This little piggy slid through the pipes and helped the winery reduce water use and energy costs.
Not exactly the beginning of a good childhood fairy tale, but one that apparently has the people at Sonoma Wine Company  smiling.
P.I.G is an acronym for pipeline inspection gauge. Pigging has been around for years as tool used in the petroleum industry to clean and inspect pipes. In the context of the winery’s operations, pigging is the use of sponge balls to move wine and clean transfer lines at the winery.
According to a YouTube video  produced by Pacific Gas and Electric Company (PG&E) that features Sonoma Wine Company’s use of pigs, the practice is being used by a number of California wineries. PG&E is a major power provider in California.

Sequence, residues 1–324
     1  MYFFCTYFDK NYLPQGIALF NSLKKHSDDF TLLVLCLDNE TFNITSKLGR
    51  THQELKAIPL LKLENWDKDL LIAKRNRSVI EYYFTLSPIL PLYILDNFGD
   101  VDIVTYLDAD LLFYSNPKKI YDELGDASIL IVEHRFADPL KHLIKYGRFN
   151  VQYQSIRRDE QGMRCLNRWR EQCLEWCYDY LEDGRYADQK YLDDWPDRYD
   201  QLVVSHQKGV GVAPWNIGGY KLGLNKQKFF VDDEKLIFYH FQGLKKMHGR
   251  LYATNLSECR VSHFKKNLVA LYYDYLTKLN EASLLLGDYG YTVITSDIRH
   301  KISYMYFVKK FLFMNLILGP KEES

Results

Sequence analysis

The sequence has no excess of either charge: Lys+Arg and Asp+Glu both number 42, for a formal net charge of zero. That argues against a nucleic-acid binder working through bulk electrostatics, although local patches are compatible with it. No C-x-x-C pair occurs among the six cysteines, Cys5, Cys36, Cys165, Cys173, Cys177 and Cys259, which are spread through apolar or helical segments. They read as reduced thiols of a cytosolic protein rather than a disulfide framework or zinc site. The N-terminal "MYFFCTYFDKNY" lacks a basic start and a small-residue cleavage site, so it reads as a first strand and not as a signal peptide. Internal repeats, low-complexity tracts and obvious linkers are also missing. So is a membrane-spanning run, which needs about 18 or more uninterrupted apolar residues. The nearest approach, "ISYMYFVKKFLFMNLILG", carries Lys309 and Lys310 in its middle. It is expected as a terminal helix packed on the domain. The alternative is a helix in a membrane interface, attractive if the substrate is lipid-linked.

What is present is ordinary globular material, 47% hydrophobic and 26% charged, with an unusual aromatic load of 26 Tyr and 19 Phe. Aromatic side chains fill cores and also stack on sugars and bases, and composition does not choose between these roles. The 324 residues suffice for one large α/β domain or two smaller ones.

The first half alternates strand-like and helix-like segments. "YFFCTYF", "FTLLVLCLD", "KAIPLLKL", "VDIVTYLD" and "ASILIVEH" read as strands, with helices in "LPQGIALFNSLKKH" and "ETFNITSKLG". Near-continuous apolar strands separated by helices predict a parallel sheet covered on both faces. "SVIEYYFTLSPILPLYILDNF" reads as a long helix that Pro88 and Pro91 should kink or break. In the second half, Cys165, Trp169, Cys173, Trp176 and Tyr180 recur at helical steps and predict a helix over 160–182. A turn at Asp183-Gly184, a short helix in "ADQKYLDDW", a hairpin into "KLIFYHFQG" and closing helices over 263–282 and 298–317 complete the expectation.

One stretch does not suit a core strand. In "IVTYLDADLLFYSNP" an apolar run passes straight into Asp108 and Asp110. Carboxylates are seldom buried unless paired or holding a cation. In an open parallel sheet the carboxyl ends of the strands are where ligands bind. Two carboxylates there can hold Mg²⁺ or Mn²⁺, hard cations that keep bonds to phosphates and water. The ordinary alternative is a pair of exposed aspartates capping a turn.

The goal is to help conserve water in the process of cleaning out transfer lines. Sonoma Wine Company reports a 10-15 percent drop in water used since employing the use of the small sponge balls. They have also managed to enhance sanitation, minimize wine dilution and save labor time needed to clean the transfer lines.
Simple tools such as this make every bit of difference, particularly in California where business margins are already very tight, utility costs are very high and the supply of water is quite short. It also provides good marketing opportunities for companies trying to capitalize on practices that they can promote as part of their environmental sustainability efforts.